In the 50 years since Yuri Gagarin first soared into space, 520 men and women have taken their own space odysseys. They have come from 38 countries, carried on American, Russian and, recently, Chinese vehicles. All have been proud to represent their nations. Now, in a special issue honouring their achievements, FT Weekend Magazine has interviewed an astronaut from 35 of these countries. The project involved 17 writers, 11 languages and a rather flustered mission control – but it resulted in stories as diverse and entertaining as the voyagers themselves. May we present … the astronauts of Planet Earth.
The human history of space began on the morning of April 12 1961. After a breakfast of meat paste and marmalade, squeezed from a tube, a 27-year-old lieutenant in the Soviet air force, Yuri Alekseyevich Gagarin, was helped into a bulky orange flying suit. With his back-up, Gherman Titov, he was driven in a bus to a launch pad on the desolate Tyuratam missile-testing site on the steppes of Kazakhstan. According to Soviet lore, Gagarin then gave a short speech to the crowd of engineers, scientists and mechanics gathered in the early morning sunshine. “Dear friends,” he began. “What can I tell you in these last minutes before the launch? My whole life appears to me as one beautiful moment. All that I previously lived through and did, was lived through and done for the sake of this moment.”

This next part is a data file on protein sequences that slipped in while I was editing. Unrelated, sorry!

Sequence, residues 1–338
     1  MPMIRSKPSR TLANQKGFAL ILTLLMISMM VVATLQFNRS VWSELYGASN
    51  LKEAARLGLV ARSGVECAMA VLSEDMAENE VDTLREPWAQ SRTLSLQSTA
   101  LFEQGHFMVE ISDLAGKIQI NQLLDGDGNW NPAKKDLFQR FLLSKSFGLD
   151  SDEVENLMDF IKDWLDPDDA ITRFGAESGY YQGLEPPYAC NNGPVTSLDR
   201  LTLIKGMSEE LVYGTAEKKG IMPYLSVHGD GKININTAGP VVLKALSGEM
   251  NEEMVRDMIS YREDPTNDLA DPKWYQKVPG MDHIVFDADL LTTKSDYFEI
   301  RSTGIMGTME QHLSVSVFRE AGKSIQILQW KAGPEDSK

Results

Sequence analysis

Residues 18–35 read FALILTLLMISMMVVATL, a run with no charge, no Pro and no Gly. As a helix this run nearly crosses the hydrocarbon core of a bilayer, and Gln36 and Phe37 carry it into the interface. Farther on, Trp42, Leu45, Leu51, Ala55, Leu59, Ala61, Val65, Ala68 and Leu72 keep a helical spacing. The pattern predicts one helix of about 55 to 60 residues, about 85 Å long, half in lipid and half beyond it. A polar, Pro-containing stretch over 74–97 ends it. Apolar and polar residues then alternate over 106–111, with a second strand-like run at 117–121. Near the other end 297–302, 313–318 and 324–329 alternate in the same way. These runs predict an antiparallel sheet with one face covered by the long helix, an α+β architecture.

Those words, written for Gagarin, had actually been recorded in Moscow. On the morning of his flight, he simply said goodbye, clanked helmets awkwardly with Titov, and was then taken up and strapped into a small spherical pod attached to a 300-tonne rocket that had been designed to carry nuclear weapons. For the next two hours, as the scientists fussed and took tranquiliser pills, Gagarin became slightly bored and asked for some music to be piped in. He said the first, true human words of a cosmonaut as his Vostok “satellite-ship” began to rise from the earth at 9.06.59am, his heart beating almost three times a second: “Let’s go!”